Layer 2 – What do we know about our own OSS? How are they used? How does that usage differ across clients? How does it differ between other products? What are the metrics that help sell an OSS (either internally or externally)?

The OSS Mechanical Turk

The Mechanical Turk… was a fake chess-playing machine constructed in the late 18th century. From 1770 until its destruction by fire in 1854 it was exhibited by various owners as an automaton, though it was eventually revealed to be an elaborate hoax.
The Turk was in fact a mechanical illusion that allowed a human chess master hiding inside to operate the machine. With a skilled operator, the Turk won most of the games played during its demonstrations around Europe and the Americas for nearly 84 years, playing and defeating many challengers including statesmen such as Napoleon Bonaparte and Benjamin Franklin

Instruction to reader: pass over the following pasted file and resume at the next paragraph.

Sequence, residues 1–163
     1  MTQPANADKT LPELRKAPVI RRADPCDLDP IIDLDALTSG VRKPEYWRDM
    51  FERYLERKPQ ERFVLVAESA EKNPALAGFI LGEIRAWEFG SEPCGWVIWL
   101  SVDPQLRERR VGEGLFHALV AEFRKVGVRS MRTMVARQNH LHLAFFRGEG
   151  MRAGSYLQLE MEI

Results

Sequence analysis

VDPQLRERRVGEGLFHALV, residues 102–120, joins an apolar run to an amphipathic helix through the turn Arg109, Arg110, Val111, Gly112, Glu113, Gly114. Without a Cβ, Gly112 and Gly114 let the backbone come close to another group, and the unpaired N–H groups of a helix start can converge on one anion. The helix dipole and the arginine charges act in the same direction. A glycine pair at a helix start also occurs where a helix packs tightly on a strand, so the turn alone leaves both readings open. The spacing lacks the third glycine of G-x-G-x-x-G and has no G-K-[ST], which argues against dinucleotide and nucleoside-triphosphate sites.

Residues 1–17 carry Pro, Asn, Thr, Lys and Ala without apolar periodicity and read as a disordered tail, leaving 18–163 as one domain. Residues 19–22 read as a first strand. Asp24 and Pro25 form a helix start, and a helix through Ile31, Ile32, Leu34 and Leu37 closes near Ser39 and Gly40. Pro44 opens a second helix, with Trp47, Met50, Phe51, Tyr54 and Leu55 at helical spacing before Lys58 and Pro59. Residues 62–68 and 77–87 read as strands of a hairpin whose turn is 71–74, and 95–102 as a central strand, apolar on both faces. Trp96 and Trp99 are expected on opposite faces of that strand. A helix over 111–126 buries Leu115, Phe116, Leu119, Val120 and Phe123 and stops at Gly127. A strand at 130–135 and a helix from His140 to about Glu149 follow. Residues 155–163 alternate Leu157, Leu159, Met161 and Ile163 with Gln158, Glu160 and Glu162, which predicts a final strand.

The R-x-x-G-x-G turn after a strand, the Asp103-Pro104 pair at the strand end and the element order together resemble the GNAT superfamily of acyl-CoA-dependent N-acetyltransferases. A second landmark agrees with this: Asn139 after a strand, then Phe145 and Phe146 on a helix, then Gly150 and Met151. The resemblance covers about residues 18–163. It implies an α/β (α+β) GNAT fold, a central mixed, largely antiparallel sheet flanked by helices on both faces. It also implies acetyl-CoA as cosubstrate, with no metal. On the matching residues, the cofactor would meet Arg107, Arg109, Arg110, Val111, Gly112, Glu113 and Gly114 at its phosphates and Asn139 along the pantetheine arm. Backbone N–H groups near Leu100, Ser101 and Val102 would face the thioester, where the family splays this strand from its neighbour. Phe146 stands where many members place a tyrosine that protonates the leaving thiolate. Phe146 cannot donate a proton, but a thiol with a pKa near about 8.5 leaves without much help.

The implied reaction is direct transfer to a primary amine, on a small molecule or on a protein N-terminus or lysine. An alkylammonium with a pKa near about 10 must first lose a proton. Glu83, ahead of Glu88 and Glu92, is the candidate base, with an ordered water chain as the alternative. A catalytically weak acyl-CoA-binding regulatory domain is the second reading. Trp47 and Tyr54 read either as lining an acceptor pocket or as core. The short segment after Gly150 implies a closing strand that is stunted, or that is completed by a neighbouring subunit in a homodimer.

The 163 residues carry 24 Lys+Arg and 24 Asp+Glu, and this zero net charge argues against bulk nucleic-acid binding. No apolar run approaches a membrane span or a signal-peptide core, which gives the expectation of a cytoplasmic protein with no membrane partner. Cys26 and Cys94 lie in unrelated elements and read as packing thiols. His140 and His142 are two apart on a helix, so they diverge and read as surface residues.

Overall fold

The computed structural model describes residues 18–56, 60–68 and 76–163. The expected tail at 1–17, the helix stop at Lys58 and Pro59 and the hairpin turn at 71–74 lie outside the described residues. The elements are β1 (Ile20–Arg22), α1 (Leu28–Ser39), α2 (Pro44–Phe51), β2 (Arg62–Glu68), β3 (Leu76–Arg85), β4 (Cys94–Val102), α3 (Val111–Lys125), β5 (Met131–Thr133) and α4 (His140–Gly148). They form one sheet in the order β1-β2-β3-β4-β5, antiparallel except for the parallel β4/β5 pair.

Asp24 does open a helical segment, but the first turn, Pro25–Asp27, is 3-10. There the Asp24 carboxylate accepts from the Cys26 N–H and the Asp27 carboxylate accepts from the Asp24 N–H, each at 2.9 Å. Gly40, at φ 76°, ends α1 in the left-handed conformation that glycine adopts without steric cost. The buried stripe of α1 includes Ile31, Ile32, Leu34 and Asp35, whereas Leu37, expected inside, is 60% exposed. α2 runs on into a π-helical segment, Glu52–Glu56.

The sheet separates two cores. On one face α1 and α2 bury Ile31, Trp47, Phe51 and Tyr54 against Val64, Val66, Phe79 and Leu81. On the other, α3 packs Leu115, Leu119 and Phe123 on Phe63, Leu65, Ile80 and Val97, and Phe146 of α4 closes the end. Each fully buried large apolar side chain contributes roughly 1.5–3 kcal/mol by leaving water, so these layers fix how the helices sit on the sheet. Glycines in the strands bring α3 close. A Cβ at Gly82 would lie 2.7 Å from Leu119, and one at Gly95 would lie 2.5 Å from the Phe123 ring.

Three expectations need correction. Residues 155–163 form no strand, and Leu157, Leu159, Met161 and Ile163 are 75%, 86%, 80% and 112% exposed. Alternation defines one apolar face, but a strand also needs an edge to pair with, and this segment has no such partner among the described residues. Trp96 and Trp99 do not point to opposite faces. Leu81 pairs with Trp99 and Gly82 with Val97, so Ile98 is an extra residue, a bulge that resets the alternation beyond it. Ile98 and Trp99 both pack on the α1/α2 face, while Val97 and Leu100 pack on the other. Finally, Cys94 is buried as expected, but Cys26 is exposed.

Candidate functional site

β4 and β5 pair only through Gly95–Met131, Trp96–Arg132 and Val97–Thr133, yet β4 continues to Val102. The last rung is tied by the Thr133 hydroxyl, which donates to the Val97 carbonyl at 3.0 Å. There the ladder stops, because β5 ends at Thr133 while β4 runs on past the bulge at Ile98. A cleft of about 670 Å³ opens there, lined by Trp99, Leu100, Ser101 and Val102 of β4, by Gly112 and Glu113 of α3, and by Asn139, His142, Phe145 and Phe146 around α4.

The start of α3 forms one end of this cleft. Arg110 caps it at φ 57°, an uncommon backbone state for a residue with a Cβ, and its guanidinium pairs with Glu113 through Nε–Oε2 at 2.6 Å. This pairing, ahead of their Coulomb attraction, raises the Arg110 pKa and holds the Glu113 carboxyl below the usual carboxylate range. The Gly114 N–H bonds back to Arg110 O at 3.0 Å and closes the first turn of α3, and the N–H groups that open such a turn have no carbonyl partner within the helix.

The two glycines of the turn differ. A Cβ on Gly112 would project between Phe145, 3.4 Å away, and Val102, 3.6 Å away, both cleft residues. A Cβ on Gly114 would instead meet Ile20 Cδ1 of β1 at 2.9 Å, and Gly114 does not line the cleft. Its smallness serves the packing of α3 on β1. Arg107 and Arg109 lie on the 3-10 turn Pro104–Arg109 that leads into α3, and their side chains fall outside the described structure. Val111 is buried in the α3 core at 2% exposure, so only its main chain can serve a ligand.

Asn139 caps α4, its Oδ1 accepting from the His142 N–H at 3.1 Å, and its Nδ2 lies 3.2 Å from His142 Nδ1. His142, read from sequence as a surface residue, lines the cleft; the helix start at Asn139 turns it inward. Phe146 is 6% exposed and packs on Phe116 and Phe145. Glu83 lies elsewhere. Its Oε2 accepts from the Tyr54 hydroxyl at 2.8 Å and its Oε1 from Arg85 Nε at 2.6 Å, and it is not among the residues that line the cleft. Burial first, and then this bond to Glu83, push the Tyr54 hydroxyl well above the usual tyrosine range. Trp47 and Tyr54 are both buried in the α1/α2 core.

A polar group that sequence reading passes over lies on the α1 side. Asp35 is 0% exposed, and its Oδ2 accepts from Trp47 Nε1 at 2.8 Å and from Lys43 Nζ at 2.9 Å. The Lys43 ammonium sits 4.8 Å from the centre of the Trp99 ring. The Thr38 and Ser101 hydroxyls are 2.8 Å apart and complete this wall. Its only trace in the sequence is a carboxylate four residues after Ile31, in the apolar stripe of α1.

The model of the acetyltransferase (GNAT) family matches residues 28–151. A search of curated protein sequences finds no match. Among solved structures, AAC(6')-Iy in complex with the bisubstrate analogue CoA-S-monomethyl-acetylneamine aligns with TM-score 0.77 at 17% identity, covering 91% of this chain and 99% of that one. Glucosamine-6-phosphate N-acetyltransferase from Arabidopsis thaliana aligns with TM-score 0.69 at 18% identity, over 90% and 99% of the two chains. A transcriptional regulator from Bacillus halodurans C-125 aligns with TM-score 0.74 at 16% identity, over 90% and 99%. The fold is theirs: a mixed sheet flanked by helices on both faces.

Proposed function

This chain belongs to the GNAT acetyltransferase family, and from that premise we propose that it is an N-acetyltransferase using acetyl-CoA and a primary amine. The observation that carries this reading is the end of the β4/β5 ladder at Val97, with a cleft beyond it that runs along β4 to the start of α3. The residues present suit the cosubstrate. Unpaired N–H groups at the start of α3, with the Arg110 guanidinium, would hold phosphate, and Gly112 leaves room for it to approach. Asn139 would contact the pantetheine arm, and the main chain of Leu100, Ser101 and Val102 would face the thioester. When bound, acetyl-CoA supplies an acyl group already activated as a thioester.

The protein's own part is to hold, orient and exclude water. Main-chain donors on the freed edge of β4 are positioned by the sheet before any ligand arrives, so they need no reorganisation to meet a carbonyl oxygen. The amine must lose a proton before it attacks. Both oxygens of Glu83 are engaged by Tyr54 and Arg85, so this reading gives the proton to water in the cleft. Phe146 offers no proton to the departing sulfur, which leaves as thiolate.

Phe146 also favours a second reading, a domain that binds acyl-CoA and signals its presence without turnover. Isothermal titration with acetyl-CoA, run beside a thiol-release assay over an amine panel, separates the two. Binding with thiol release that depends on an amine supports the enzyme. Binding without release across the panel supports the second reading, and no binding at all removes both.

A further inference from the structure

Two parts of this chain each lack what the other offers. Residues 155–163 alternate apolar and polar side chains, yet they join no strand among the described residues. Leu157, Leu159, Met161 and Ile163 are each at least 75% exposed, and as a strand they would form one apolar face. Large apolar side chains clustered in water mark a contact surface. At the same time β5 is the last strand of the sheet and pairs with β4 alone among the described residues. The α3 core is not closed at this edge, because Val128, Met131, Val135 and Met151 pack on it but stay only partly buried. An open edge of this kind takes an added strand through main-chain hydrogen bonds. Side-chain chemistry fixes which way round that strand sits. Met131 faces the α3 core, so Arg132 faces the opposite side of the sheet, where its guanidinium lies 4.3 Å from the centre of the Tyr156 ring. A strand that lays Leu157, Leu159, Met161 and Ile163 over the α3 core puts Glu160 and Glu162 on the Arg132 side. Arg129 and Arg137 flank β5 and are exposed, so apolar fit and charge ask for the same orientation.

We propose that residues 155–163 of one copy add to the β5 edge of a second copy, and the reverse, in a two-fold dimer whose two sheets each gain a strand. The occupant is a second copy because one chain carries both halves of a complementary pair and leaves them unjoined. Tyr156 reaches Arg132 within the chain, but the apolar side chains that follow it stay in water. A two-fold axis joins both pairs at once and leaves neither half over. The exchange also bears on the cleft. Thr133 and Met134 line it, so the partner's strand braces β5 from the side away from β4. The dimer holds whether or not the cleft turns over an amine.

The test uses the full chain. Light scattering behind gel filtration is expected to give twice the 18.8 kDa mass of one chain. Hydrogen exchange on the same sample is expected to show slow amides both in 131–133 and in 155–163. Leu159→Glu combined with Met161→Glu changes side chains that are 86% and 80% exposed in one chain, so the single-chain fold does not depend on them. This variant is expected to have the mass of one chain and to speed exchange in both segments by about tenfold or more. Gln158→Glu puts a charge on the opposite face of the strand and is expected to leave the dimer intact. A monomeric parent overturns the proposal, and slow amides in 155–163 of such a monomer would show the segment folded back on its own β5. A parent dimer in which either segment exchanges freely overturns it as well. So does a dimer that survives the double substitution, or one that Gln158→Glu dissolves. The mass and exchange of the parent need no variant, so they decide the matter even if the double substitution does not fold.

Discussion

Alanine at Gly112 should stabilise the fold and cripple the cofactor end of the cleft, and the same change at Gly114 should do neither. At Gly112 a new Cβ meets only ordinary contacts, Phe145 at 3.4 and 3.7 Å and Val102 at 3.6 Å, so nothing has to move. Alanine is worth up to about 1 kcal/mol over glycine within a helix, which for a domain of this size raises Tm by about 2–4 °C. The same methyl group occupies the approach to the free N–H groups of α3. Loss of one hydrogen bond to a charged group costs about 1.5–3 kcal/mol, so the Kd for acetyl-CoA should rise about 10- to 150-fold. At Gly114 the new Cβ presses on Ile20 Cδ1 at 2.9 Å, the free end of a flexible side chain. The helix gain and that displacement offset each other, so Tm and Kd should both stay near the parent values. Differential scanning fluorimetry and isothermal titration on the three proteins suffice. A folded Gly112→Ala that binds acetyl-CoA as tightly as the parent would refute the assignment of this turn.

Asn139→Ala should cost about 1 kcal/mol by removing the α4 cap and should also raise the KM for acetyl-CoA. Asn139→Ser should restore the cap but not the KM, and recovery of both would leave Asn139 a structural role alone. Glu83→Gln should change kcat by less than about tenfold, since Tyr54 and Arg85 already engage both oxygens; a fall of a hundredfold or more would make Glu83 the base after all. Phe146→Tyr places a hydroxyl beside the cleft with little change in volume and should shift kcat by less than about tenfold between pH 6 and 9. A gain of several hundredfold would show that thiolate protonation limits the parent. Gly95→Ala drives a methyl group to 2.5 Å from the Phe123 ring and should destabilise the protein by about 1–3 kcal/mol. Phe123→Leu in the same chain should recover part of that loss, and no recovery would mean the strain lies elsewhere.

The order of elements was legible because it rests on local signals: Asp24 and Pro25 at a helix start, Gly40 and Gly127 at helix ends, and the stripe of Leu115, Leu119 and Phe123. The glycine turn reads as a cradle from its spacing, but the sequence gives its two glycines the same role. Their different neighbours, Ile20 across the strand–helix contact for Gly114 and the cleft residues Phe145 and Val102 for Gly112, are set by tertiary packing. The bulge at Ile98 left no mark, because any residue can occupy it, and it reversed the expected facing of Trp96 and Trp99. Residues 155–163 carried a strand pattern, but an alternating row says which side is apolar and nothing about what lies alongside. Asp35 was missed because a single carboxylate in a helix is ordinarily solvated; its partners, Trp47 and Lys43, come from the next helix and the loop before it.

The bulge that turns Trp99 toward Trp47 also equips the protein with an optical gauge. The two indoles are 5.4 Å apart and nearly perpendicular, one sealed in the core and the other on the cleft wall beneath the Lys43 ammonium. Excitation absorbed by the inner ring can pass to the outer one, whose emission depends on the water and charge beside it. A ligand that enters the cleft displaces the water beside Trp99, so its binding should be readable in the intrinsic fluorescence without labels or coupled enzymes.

This ingenious contraption can be mirrored in certain situations within the OSS industry.

I once heard of an OSS fulfilment solution that had consumed a couple of years of effort and millions of dollars before management decided to try an alternate path because there was still no end in sight. There was so much sunk cost that it was a difficult decision.

The problem statement was delivered to a new team brought in from outside the organisation.

They had it working within a single weekend!!


They had focused on what the end customers needed and developed an efficient self-service portal (a front end) that created tickets. The tickets were then manually entered into the back-end systems. Any alerts from the back-end systems were fed back into the portal.

It did the job because transaction volumes were low enough to be processed manually. The first approach failed because integrations, workflows and exception-handling were enormously complex and they were laser-focused on perfect automation.